44 episodes

It's sad, but true to say that today Edward Morgan Forster's works are known more from their film and television adaptations rather than from their original novels. Yet, these adaptations have spurred many a fascinated viewer into going back to the library and finding the book that the film or miniseries was based on and this is ultimately the power of Forster's literary appeal.

Howard's End was published in 1910 and it marked Forster's first taste of critical and commercial success. He had published three other novels earlier, Where Angels Fear To Tread (1905), The Longest Journey (1907) and A Room With a View (1908) but none of them had been received with so much acclaim.

The plot concerns two sisters, Margaret and Helen Schlegel, wealthy, independent and intellectual, who enjoy a privileged life filled with music, theatre, literature and art. Their lively group of friends meets often to discuss the questions of the day with passion and exuberance. Helen meets Paul Wilcox, the son of a commercially successful businessman, Henry Wilcox, and falls in love with him. However, the affair ends badly and the Schlegel sisters slip back into their routine. Another chance meeting at a concert brings Helen in contact with the poor, but socially aspiring bank employee, Leonard Bast. Meanwhile, the sisters are taken aback when the Wilcoxes move into a flat opposite theirs. Margaret and Mrs. Wilcox strike up a deep and spiritual friendship. When Mrs. Wilcox suddenly dies, her materialistic family finds a scribbled note in which she has left her beautiful country home, Howard's End to Margaret. What follows is the soul stirring collision between the three points of view represented by these sets of people.

The intricately woven plot, with its multiple strands constantly meeting, parting, clashing and dissolving into each other, makes Howard's End an unforgettable and very poignant exploration of our moral universe. One of the prophetic questions it asks and gets no answers for is “Who shall inherit our England?” which foreshadows the great social shifts following the Great Wars. There are some beautiful, evocative passages in the book, as in Helen's experience of Beethoven's Fifth where she imagines “goblins marching across the world.”

Howards End by Edward M. Forster Loyal Books

    • Kids & Family
    • 4.7 • 9 Ratings

It's sad, but true to say that today Edward Morgan Forster's works are known more from their film and television adaptations rather than from their original novels. Yet, these adaptations have spurred many a fascinated viewer into going back to the library and finding the book that the film or miniseries was based on and this is ultimately the power of Forster's literary appeal.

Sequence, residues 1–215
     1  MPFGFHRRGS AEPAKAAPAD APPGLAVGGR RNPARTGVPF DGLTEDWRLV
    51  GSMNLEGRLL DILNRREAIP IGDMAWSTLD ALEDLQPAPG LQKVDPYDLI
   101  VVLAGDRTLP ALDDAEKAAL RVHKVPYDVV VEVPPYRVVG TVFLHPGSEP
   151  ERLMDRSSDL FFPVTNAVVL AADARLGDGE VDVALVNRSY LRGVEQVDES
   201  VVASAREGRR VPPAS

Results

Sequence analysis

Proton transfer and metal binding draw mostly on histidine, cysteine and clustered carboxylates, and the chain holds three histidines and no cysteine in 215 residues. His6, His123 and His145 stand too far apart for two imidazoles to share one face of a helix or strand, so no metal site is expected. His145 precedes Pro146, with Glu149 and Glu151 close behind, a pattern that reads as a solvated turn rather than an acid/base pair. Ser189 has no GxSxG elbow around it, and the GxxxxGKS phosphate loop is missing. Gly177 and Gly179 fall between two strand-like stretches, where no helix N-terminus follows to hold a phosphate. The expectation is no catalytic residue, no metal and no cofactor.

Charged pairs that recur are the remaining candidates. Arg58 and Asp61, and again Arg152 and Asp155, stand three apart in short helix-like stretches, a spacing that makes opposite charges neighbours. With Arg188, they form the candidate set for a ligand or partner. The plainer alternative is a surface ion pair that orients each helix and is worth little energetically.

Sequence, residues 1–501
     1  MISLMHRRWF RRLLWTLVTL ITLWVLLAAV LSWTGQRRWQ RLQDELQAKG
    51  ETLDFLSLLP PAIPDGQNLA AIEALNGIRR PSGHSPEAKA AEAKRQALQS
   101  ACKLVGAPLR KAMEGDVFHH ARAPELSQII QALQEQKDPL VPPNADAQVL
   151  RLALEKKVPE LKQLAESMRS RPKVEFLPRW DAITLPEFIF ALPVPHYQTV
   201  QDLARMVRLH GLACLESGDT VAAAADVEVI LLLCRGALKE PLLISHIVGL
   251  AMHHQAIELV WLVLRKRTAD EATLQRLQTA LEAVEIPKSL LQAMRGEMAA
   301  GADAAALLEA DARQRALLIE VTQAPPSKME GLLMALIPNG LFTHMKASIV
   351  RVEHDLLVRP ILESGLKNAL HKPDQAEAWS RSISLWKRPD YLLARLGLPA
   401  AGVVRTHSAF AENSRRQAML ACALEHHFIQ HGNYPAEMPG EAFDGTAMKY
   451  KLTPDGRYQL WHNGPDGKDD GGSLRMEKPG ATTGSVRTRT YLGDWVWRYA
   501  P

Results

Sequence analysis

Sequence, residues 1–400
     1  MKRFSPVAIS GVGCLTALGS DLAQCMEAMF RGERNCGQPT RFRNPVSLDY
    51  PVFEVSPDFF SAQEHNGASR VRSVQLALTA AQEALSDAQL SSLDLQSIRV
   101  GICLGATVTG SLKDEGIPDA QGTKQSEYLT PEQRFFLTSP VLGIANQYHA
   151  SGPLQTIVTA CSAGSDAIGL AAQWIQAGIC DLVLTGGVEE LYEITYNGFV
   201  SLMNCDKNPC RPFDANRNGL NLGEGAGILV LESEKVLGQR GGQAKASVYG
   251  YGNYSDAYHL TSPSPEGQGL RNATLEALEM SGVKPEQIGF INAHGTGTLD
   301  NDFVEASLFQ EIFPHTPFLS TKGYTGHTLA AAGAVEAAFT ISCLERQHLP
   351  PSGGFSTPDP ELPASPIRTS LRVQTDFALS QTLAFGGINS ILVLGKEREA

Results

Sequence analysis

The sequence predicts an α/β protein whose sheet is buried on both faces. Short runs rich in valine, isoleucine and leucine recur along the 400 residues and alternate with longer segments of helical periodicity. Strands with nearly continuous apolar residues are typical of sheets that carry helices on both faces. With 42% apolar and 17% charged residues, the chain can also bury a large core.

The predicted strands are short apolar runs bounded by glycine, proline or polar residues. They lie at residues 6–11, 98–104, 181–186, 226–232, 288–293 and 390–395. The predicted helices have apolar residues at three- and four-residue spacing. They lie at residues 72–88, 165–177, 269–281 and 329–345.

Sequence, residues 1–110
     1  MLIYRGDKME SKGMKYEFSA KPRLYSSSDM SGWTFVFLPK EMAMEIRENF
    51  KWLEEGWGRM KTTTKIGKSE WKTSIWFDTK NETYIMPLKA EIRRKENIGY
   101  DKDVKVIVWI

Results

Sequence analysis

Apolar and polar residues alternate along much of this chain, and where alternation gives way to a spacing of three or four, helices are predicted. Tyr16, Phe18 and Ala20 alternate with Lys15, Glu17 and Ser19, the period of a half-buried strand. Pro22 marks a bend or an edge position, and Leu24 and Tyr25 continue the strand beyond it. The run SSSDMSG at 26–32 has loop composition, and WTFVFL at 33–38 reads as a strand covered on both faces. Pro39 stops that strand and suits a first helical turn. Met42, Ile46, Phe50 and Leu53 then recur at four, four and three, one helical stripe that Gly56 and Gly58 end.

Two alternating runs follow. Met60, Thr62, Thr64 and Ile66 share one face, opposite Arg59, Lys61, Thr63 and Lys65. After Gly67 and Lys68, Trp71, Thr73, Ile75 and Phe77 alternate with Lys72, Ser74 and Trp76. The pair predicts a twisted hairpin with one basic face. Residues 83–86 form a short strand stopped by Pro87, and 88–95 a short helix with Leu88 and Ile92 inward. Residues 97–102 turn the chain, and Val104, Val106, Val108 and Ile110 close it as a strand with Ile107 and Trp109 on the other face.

Howard's End was published in 1910 and it marked Forster's first taste of critical and commercial success. He had published three other novels earlier, Where Angels Fear To Tread (1905), The Longest Journey (1907) and A Room With a View (1908) but none of them had been received with so much acclaim.

The plot concerns two sisters, Margaret and Helen Schlegel, wealthy, independent and intellectual, who enjoy a privileged life filled with music, theatre, literature and art. Their lively group of friends meets often to discuss the questions of the day with passion and exuberance. Helen meets Paul Wilcox, the son of a commercially successful businessman, Henry Wilcox, and falls in love with him. However, the affair ends badly and the Schlegel sisters slip back into their routine. Another chance meeting at a concert brings Helen in contact with the poor, but socially aspiring bank employee, Leonard Bast. Meanwhile, the sisters are taken aback when the Wilcoxes move into a flat opposite theirs. Margaret and Mrs. Wilcox strike up a deep and spiritual friendship. When Mrs. Wilcox suddenly dies, her materialistic family finds a scribbled note in which she has left her beautiful country home, Howard's End to Margaret. What follows is the soul stirring collision between the three points of view represented by these sets of people.

The intricately woven plot, with its multiple strands constantly meeting, parting, clashing and dissolving into each other, makes Howard's End an unforgettable and very poignant exploration of our moral universe. One of the prophetic questions it asks and gets no answers for is “Who shall inherit our England?” which foreshadows the great social shifts following the Great Wars. There are some beautiful, evocative passages in the book, as in Helen's experience of Beethoven's Fifth where she imagines “goblins marching across the world.”

    Chapter 01

    Chapter 01

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    • 8 min
    Chapter 02

    Chapter 02

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    • 14 min
    Chapter 03

    Chapter 03

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    • 21 min
    Chapter 04

    Chapter 04

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    • 19 min
    Chapter 05

    Chapter 05

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    • 31 min
    Chapter 06

    Chapter 06

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    • 23 min

Customer Reviews

4.7 out of 5
9 Ratings

9 Ratings

Reanell Riot ,

Something wonderful

Great book. Rarely have I felt such a perfect conclusion in all ways. The entire thing dives so much into the heart of the human race, what drives us. Our goals and hopes. Shines light on every level of the lives of those in and around London 1908-1910. Lovely reading by Elizabeth Clett, she out does herself again.

Poetry in Flow Motion ,

Great observations

There are things we can learn from these old books that apply to many areas of Life even now, cheers to 'riding on the shoulders of the giants in history' so that we can do better for knowing what they observed

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